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Tracking Dopamine in the Brain

Summary: A new sensor could help to reveal the role dopamine plays in learning and emotion.

Source: MIT.

New sensor could reveal the neurotransmitter’s role in learning and habit formation.

MIT researchers have devised a way to measure dopamine in the brain much more precisely than previously possible, which should allow scientists to gain insight into dopamine’s roles in learning, memory, and emotion.

Dopamine is one of the many neurotransmitters that neurons in the brain use to communicate with each other. Previous systems for measuring these neurotransmitters have been limited in how long they provide accurate readings and how much of the brain they can cover.

The new MIT device, an array of tiny carbon electrodes, overcomes both of those obstacles.

“Nobody has really measured neurotransmitter behavior at this spatial scale and timescale. Having a tool like this will allow us to explore potentially any neurotransmitter-related disease,” says Michael Cima, the David H. Koch Professor of Engineering in the Department of Materials Science and Engineering, a member of MIT’s Koch Institute for Integrative Cancer Research, and the senior author of the study.

Furthermore, because the array is so tiny, it has the potential to eventually be adapted for use in humans, to monitor whether therapies aimed at boosting dopamine levels are succeeding. Many human brain disorders, most notably Parkinson’s disease, are linked to dysregulation of dopamine.

“Right now deep brain stimulation is being used to treat Parkinson’s disease, and we assume that that stimulation is somehow resupplying the brain with dopamine, but no one’s really measured that,” says Helen Schwerdt, a Koch Institute postdoc and the lead author of the paper, which appears in the journal Lab on a Chip.

Studying the striatum

For this project, Cima’s lab teamed up with David H. Koch Institute Professor Robert Langer, who has a long history of drug delivery research, and Institute Professor Ann Graybiel, who has been studying dopamine’s role in the brain for decades with a particular focus on a brain region called the striatum. Dopamine-producing cells within the striatum are critical for habit formation and reward-reinforced learning.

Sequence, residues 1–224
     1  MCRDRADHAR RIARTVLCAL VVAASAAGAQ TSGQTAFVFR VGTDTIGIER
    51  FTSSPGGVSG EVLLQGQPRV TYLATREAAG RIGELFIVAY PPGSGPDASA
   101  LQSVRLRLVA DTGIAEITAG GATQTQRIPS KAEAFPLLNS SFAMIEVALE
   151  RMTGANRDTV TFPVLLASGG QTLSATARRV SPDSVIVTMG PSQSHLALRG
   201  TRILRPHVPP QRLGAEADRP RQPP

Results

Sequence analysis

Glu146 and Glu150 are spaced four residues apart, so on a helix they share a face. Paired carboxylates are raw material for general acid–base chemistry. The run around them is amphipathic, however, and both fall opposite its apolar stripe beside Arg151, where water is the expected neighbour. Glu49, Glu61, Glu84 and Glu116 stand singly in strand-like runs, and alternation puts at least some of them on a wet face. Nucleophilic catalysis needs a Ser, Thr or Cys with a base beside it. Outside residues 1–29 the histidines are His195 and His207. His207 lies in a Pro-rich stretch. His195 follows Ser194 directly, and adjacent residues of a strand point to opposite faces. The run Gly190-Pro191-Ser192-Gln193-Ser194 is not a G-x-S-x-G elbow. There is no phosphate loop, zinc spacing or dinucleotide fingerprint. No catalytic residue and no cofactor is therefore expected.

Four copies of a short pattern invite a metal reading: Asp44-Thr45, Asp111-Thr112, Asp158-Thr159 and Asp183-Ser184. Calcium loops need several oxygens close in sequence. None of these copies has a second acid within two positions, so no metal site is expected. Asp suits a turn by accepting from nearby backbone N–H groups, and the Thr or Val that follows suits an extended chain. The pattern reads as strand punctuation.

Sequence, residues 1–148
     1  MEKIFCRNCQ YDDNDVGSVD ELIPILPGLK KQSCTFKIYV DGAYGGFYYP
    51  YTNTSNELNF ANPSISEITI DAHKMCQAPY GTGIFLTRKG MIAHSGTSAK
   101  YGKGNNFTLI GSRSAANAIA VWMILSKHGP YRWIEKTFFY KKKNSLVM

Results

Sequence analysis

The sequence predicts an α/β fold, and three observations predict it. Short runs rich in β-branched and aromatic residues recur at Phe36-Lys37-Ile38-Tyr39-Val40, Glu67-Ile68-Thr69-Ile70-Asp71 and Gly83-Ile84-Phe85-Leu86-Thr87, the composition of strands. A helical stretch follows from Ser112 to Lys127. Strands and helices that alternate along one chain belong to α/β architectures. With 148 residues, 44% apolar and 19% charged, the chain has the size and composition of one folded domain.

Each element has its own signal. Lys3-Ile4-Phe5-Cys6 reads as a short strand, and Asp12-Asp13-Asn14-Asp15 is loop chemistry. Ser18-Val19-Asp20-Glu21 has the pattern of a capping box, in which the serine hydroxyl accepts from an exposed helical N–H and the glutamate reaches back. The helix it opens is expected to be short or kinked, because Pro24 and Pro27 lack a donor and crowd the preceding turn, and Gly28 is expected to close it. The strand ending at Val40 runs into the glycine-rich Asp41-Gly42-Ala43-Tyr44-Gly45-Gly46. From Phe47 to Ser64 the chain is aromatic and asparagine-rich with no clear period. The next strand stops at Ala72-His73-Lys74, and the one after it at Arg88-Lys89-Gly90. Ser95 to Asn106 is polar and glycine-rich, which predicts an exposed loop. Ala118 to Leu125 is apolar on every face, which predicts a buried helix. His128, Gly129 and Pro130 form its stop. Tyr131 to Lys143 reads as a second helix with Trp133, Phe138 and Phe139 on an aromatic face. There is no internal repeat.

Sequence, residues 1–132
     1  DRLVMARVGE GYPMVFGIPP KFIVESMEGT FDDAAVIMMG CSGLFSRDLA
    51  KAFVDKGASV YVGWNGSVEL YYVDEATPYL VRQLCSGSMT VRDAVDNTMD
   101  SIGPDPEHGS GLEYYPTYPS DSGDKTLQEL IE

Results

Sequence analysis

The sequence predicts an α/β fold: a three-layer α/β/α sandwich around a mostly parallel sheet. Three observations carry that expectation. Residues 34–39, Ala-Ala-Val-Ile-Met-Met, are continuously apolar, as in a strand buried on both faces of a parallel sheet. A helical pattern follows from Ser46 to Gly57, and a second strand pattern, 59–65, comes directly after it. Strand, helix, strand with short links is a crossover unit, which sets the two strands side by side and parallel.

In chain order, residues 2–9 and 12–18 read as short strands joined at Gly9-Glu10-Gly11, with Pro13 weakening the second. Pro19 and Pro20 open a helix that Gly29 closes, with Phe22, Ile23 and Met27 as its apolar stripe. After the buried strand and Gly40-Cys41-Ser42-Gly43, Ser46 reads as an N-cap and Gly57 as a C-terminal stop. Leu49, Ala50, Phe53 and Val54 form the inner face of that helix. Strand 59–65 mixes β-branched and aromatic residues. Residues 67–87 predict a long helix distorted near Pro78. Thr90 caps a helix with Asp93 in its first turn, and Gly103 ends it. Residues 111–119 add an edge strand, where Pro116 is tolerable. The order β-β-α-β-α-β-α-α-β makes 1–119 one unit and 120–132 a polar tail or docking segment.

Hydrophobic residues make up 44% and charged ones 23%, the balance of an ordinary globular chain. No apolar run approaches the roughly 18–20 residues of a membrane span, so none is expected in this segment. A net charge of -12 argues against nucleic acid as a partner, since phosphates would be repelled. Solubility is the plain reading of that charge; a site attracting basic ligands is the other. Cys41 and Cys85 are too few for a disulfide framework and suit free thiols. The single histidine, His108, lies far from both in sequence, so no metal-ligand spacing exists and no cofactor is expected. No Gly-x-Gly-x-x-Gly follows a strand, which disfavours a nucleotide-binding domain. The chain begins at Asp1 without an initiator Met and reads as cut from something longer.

Until now, neuroscientists have used carbon electrodes with a shaft diameter of about 100 microns to measure dopamine in the brain.

However, these can only be used reliably for about a day because they produce scar tissue that interferes with the electrodes’ ability to interact with dopamine, and other types of interfering films can also form on the electrode surface over time. Furthermore, there is only about a 50 percent chance that a single electrode will end up in a spot where there is any measurable dopamine, Schwerdt says.

The MIT team designed electrodes that are only 10 microns in diameter and combined them into arrays of eight electrodes. These delicate electrodes are then wrapped in a rigid polymer called PEG, which protects them and keeps them from deflecting as they enter the brain tissue. However, the PEG is dissolved during the insertion so it does not enter the brain.

These tiny electrodes measure dopamine in the same way that the larger versions do. The researchers apply an oscillating voltage through the electrodes, and when the voltage is at a certain point, any dopamine in the vicinity undergoes an electrochemical reaction that produces a measurable electric current. Using this technique, dopamine’s presence can be monitored at millisecond timescales.

Using these arrays, the researchers demonstrated that they could monitor dopamine levels in many parts of the striatum at once.

“What motivated us to pursue this high-density array was the fact that now we have a better chance to measure dopamine in the striatum, because now we have eight or 16 probes in the striatum, rather than just one,” Schwerdt says.

The researchers found that dopamine levels vary greatly across the striatum. This was not surprising, because they did not expect the entire region to be continuously bathed in dopamine, but this variation has been difficult to demonstrate because previous methods measured only one area at a time.

How learning happens

The researchers are now conducting tests to see how long these electrodes can continue giving a measurable signal, and so far the device has kept working for up to two months. With this kind of long-term sensing, scientists should be able to track dopamine changes over long periods of time, as habits are formed or new skills are learned.

Image shows the dopamine sensor.